We look nothing like this when we are ill, btw


Have you ever seen the commercial where the parent pops his or her head into a room announcing they are so sorry but they’re going to need a sick day? And then the camera pans wide and surprise! It’s not their boss they’re speaking to, it’s their child. Hilarity ensues for a brief moment, and the omniscient announcer soberly intones what we all know: parents do not get sick days*, so plan on drugging yourself up as best you can because your kid doesn’t care. At all.


They do not care if we are hobbling from room to room in a crusty bathrobe, burning with fever, trying to force down a dose of Tamiflu so we can – for the love of all things holy – shorten the duration of whatever bubonic plague our children have brought home with them. Because schools are petri dishes and we are old and will get everything.


The rub here is that no matter how ill we are, we still have to make sure the kids get fed, bathed, dressed, transported, and remain adequately supervised. Or at the very least, we must keep them alive.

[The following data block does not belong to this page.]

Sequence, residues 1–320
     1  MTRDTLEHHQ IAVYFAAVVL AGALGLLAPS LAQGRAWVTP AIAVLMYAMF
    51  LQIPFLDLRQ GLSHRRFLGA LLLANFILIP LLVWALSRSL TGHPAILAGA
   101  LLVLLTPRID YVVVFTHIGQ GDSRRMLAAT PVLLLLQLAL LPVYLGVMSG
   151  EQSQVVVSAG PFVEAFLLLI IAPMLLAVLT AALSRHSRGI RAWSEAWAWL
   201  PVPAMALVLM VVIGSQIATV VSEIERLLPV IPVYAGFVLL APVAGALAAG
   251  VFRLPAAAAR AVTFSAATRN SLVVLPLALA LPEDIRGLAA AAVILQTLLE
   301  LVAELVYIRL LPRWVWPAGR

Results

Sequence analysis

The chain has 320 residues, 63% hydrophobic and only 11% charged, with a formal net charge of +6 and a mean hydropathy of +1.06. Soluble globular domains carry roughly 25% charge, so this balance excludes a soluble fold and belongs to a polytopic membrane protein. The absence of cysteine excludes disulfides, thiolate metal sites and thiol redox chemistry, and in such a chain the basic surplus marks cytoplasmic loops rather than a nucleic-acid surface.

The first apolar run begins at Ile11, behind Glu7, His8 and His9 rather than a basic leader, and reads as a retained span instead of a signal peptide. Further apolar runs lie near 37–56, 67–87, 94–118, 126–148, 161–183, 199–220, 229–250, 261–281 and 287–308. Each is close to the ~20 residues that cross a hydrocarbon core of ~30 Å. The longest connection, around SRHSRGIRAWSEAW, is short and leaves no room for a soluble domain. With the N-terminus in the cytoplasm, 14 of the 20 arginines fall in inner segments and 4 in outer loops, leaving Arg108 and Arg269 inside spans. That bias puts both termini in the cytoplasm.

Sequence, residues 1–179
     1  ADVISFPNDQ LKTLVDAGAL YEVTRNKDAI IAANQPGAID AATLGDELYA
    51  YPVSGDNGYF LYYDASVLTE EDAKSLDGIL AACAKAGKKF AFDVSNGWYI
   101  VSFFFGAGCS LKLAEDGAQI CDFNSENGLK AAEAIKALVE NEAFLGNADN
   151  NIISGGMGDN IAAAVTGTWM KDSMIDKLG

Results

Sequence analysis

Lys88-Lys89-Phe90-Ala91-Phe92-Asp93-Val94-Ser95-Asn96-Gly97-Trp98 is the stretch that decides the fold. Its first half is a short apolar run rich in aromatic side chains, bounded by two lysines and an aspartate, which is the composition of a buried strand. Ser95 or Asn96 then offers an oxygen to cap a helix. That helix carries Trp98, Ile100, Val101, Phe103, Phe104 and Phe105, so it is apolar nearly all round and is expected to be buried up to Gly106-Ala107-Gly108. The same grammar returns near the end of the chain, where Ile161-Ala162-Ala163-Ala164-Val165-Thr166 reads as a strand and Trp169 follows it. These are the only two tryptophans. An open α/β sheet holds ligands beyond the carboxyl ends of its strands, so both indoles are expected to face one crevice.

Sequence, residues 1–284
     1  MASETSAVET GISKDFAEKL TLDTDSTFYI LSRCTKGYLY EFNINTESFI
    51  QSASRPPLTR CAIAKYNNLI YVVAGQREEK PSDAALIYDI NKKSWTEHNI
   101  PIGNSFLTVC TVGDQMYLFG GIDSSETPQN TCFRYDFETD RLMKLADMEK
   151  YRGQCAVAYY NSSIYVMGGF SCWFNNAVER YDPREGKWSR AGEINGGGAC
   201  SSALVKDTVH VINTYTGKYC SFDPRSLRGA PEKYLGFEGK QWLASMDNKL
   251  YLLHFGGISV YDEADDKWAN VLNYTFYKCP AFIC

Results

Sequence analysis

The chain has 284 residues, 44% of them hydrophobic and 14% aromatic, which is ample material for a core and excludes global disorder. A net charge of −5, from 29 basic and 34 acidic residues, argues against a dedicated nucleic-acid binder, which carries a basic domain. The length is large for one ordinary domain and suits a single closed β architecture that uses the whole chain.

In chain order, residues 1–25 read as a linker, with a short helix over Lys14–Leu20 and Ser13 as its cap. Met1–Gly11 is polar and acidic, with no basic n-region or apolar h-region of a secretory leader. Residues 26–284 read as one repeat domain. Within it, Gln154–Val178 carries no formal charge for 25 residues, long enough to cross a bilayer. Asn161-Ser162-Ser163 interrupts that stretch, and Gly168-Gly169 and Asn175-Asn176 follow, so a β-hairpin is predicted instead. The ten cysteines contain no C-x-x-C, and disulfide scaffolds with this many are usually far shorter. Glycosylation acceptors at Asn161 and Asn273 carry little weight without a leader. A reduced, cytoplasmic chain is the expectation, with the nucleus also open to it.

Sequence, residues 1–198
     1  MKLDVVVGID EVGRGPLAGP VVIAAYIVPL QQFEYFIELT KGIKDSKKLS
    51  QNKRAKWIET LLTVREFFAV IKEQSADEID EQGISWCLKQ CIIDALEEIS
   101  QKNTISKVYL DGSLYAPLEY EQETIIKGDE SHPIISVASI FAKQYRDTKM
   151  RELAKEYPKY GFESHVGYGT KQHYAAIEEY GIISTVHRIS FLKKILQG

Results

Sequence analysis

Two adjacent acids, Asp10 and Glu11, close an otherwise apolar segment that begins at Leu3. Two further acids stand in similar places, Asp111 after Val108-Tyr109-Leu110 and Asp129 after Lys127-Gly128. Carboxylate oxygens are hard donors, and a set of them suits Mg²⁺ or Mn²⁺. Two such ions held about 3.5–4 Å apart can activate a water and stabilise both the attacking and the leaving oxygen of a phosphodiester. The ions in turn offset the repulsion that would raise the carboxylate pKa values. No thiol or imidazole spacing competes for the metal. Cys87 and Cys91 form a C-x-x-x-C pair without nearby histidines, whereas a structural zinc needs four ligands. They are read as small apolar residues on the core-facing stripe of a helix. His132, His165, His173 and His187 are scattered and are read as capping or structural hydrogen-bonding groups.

A few years ago I succumbed to the flu. High fever, aches, the whole sick enchilada. Because my husband works out of town during the week and I did not want to be Typhoid Mary and ask friends for help, I was left to my own devices for keeping the kids alive. On the worst day, I didn’t leave my couch except to rustle up food in the kitchen in semi-regular intervals, and leave it out for my boys.


Apparently, this was too much for one of my young sons to process. I rarely get sick, and our household is typically buzzing with frenetic energy. At one point he came into the living room and sat down next to me, gently placing his hand on my shoulder. And, because I am an optimistic sucker, I immediately thought, Oh my god. My son is spilling with empathy and compassion. What a dear, sweet boy. He probably wants to make me some tea or something. Six years old and he is already exuding character.


He leaned in with a very serious expression and whispered, “Mom. Why are you being so lazy?”


So lay it on us, PlanHero nation. How do you manage to keep the house from burning down when you have to take a sick day?


*when I searched the internet for an image to accompany this article and typed in ‘mom sick on couch’ the results proved my point. I got pictures of loving moms holding their sick kiddos, a graceful hand on their child’s forehead or holding a thermometer. I got pictures of young, pregnant moms looking vaguely upset over what I can assume was morning sickness. And every single picture had a white couch. A pristine white couch with nothing save for a tasteful vase of peonies on the adjacent (and clean) coffee table. Nothing with a dirt-colored sectional piled with laundry and used tissues.